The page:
A wry neck is the term given to a presentation of insidious onset of neck pain and stiffness. Wry necks can cause severe pain without any obvious mechanism of injury. You will often have pain on one side of your neck and the inability to turn your neck in one direction. An acute wry neck is used to describe when the condition has come on quickly (commonly overnight).
Whilst the cause is relatively unknown, findings suggest the facet joints along the side of the neck can become “locked” causing spasm and pain. Facet joints are found along the back aspect of your spinal vertebrae. They allow, guide and limit the movements of the neck. Occasionally facet joints can become stiff through traumatic injury, arthritis or simply get stuck at an extreme of movement.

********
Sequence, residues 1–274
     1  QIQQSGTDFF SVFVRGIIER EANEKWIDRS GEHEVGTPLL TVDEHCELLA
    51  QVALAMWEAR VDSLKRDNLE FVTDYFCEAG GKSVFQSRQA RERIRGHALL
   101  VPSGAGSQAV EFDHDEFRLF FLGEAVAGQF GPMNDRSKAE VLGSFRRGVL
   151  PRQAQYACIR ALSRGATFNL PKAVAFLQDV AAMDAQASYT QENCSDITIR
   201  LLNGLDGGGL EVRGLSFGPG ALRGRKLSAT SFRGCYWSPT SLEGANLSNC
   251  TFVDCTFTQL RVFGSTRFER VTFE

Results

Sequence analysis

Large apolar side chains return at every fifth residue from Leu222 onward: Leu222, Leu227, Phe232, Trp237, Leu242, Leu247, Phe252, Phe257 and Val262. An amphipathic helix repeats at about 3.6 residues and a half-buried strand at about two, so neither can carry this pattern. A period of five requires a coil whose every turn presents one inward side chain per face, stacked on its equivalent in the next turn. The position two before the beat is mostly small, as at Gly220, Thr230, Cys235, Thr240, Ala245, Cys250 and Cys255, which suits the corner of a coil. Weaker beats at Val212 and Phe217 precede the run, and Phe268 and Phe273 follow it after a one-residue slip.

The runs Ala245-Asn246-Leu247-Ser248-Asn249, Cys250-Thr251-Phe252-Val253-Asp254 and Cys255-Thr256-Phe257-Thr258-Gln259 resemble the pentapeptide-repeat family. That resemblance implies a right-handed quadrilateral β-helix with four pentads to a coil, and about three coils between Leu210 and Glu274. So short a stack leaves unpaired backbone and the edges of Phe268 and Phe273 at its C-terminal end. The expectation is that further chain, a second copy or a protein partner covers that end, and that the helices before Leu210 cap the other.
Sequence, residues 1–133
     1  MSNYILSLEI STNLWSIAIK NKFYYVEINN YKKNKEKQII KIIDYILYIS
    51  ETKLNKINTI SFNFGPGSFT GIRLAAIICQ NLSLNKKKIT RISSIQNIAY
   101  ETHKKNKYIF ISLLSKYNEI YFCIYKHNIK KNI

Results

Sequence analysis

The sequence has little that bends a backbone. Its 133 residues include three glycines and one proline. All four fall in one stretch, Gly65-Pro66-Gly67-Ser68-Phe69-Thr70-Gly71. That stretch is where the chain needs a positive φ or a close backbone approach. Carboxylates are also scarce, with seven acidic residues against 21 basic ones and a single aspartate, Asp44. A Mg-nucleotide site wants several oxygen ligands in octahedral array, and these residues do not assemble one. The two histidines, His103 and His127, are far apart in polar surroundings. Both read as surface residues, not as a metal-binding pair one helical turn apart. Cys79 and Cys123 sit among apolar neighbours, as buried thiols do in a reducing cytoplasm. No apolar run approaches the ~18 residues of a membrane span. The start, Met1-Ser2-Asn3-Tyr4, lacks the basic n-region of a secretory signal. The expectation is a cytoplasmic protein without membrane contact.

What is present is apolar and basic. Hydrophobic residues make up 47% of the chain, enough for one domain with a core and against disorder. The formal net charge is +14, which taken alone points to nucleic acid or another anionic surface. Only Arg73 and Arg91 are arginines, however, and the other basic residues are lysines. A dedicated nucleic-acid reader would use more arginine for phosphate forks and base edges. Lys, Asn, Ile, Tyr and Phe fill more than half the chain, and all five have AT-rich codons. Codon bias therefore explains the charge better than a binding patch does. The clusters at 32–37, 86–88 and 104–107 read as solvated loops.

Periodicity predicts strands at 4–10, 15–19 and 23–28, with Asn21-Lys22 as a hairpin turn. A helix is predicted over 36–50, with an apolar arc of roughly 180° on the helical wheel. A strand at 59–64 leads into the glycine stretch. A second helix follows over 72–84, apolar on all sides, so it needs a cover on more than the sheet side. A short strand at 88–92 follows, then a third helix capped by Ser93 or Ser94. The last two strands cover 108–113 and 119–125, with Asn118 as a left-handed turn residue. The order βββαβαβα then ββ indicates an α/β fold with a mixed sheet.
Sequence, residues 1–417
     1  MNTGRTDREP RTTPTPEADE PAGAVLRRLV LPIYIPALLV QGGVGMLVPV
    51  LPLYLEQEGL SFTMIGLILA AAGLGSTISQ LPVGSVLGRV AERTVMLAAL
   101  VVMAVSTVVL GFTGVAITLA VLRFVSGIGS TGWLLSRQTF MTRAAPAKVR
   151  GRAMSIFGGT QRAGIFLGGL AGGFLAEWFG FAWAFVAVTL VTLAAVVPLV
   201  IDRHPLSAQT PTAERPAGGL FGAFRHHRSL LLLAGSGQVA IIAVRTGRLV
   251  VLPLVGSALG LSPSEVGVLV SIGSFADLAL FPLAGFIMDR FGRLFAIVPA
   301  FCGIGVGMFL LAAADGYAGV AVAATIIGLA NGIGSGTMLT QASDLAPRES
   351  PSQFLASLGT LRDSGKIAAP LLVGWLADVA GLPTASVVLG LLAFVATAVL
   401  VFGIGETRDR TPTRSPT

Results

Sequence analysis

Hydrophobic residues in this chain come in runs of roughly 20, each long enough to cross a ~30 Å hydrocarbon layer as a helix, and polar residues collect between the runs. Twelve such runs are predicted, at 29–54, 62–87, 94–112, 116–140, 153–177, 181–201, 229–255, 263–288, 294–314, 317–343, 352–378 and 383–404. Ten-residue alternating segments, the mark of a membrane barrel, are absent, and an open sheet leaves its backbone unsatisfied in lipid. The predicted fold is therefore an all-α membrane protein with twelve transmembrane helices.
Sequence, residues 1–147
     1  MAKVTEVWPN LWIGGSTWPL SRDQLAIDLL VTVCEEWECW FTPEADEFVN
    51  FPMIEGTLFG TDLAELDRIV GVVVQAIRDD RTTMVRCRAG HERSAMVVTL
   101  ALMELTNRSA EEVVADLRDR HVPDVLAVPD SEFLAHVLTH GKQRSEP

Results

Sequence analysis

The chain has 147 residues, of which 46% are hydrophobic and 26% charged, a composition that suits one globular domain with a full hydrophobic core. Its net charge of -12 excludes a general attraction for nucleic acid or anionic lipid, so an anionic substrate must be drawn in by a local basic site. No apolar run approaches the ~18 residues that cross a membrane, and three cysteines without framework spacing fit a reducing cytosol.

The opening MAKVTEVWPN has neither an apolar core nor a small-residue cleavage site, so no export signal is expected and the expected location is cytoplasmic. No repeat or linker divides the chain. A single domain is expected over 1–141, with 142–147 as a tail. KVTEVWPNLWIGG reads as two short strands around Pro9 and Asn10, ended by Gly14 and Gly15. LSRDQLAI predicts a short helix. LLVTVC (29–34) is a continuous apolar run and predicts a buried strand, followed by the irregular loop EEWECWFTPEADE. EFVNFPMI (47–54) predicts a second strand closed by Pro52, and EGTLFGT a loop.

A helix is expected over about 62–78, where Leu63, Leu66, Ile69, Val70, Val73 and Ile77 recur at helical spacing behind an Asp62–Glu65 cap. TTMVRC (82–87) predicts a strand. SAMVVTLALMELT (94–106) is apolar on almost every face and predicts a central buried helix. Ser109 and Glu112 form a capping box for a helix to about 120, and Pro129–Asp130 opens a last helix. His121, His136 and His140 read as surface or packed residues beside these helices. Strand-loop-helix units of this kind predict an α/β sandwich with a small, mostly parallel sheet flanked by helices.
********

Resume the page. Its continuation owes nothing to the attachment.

When experiencing an acute wry neck you will commonly report a “crick” in your neck, you may feel like you have “slept funny” or it might resemble what you perceive to be a “ a pinched nerve”. Most often this presentation will last 10-14 days. If the neck is managed poorly the pain can last longer than 2 weeks, however most people do eventually fully recover. A full recovery can be obtained more quickly through physiotherapy. In particular joint mobilisation, massage, dry needling to ease the initial pain and increase range of motion. Then biomechanical strengthening and realignment exercises to avoid future reoccurrences.